Digital accessibility: What to do when the data says you don’t exist

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Data-driven solutions and decisions “based on data” are often seen as the magic bullet to meet a business challenge, deployed by people across multiple industries and championed by everyone from finance to design. Yet data can create problems too — not least as a source of inequality that fails those with disabilities and also your business decision-making.

So what’s the solution? We know that data has plenty of positives. It can help inform business strategy. And it can validate the choice a business makes. But too often we absent-mindedly rely on data for the full picture, when in fact it’s far from complete.

The data says I don’t exist

Data collection relies on the past to predict the future. Take the creation of user profiles and personas. We track users we already have or collect only the data that it’s possible for us to collect, which means we end up with an incomplete dataset. If someone is already excluded, the dataset will simply confirm that person doesn’t exist.

Now imagine a shopkeeper with a store at the top of a flight of stairs. When asked whether they need a ramp for access, they might say “no, I don’t have any customers that use a wheelchair.” The data might be correct but it neither indicates there’s an accessibility problem for potential customers, nor does it motivate the shopkeeper towards a solution.

It’s this kind of thinking that creates issues. It prevents access to digital experiences for those with disabilities. And it’s a Catch-22 situation that prevents businesses from developing inclusive products and services. If you believe certain groups are not using your products, you’re not motivated to build products for those groups.

Treating data with a healthy dose of skepticism is an approach I’d advise.

Bridging the gap

Recognizing the limitations of your data is another step towards digital accessibility.

Incomplete data is almost inevitable given the analytical tools at our disposal. Typical tools track by traditional methods, including clicks and page views. Again this means that people who can’t access a product already won’t show up in the data.

Remembering that there are huge gaps in the data is important — and remembering that incomplete data creates a significant bias problem even more so. Whether intentional or accidental, past data has bias built into it. Relying on that data without due thought will enshrine the bias even deeper into the system and our decision-making.

Consider too some of the practical issues around capturing data on assistive technology usage, such as screen readers. W3C set the standards for a web for all. In its core principles of API architecture, it states: ‘Make sure that your API doesn’t provide a way for authors to detect that a user is using assistive technology without the user’s consent.’

It’s another Catch-22. How will you know if people have access problems if you can’t detect them in the first place? And even if you could, you cannot fully understand why a user is employing assistive technology. Users find all sorts of workarounds so might be using assisted tech because of a disability, or perhaps an impairment, or any number of related or non-related reasons.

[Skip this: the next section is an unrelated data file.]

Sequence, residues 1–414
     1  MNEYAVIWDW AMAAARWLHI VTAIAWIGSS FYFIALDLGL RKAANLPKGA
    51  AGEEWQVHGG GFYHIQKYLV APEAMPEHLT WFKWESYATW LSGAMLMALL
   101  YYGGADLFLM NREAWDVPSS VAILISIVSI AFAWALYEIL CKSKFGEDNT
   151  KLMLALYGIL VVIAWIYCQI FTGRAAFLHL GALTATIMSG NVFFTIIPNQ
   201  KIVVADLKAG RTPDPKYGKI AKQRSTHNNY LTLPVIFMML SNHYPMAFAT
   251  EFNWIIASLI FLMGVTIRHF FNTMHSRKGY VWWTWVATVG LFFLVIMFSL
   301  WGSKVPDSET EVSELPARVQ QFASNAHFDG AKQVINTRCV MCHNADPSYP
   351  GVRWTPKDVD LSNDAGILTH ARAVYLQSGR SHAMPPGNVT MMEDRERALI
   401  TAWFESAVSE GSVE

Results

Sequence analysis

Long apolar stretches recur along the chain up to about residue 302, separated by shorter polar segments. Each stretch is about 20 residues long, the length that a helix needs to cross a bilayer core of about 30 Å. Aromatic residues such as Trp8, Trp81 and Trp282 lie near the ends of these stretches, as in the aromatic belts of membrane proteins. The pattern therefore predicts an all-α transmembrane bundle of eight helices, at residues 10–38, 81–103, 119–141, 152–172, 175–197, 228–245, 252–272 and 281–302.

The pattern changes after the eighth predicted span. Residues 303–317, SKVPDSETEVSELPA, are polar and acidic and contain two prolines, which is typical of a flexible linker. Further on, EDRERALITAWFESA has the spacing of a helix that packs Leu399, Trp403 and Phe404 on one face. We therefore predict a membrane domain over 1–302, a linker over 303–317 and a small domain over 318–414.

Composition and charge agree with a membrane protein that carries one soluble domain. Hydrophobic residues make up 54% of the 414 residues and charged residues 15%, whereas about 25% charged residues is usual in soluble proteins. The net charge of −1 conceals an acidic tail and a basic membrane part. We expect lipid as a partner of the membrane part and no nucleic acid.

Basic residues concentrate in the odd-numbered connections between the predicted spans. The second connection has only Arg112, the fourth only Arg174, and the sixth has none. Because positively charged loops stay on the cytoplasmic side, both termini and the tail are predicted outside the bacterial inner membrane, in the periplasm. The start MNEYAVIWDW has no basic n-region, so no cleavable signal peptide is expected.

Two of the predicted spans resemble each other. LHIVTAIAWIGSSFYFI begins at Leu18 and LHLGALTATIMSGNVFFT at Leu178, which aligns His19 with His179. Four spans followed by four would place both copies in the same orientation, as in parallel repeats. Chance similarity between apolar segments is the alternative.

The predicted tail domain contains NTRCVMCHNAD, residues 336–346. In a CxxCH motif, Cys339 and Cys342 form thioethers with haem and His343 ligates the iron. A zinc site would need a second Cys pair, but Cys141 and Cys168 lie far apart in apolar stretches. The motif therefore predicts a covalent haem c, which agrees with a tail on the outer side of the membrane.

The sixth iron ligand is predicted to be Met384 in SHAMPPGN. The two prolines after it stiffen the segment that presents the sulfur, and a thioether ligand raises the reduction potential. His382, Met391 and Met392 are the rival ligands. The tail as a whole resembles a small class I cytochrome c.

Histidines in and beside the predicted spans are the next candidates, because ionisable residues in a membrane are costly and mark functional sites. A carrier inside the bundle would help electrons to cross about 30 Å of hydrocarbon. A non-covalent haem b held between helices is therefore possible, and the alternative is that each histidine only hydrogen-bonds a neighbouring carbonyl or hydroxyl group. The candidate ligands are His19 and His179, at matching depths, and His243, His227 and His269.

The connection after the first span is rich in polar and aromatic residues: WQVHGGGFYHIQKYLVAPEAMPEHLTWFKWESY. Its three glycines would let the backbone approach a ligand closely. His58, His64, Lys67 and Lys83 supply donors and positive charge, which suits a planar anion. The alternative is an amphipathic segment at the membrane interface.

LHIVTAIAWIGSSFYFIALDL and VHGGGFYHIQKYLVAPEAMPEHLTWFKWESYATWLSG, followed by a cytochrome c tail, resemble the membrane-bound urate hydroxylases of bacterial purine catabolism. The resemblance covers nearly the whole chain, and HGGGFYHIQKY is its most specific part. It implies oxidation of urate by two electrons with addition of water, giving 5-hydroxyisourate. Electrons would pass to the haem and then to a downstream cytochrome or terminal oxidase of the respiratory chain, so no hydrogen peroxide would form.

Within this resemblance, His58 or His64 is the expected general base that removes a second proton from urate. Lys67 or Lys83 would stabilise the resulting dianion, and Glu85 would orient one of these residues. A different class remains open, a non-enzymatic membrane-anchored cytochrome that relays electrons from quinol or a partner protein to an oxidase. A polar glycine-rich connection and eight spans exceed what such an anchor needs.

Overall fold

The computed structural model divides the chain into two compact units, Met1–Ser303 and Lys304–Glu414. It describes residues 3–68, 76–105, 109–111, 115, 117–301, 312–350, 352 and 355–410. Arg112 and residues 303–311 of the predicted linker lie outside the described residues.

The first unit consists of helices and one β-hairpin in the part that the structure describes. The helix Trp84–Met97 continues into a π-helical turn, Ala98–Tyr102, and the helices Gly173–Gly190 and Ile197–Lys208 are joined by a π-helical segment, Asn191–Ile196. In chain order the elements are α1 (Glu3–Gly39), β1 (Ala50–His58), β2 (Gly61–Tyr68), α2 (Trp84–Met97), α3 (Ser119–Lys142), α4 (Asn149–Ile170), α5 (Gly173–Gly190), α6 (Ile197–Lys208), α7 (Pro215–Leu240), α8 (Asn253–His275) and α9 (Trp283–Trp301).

Aggregated data, such as that from WebAIM, can provide some information to fill in some gaps. In the U.K., other commonly used and well-respected sources include the Office for National Statistics and charities including Scope.

They are sources of real user feedback and are peer-reviewed for credibility. Their limitations are data that are often outdated and too generalist for market or segment-specific needs.

The best advice here is to understand what your data set can and can’t provide. And always maintain an awareness of the impact of the sample size.

The ethics of data collection

When it comes to pursuing the aim of greater digital inclusivity, it’s easy to fall into traps that do the opposite. A user test via Zoom or Microsoft Teams can end up being more of a test of the remote software than your product or design. And introducing new content when A/B testing can create inconsistencies for users that will skew your data and exclude.

Before collecting data, you need to ask what you will use it for. There is a danger that in collecting data to help people with disabilities you will create new silos instead.

If you’re only collecting data to send them somewhere other than your main digital experience then you’re using data unethically. Also, when you do track, make sure you’re tracking a wide range of disabilities, not just groups such as the partially sighted or deaf. And remember that some disabilities cannot be tracked by even the most advanced technology.

However, if you understand the data you have and don’t rely on it completely, you can move towards greater digital accessibility.  

Sometimes exclusion is unavoidable. So factor in ways to predict it early instead and plan for alternative routes. And always ask yourself and your teams ‘who are we going to exclude by doing this?’

Finally, data is an option while ethics should be compulsory. Question whether you even need certain data that can contribute to exclusion. 

The answer is to assume those with disabilities will be trying to access your web platform and build that into your design. Co-create alongside those with issues of accessibility and make your digital experiences accessible to people with disabilities from the start. Build with them and not for them and remember the maxim that “it’s nothing about us without us.”  

Do this and they will feel like they exist, whatever your data says.

Kevin Mar-Molinero is director of Experience Technologies at digital transformation agency Kin + Carta. He sits on the BIMA Inclusive Design Council and is a member of W3c COGA Group.


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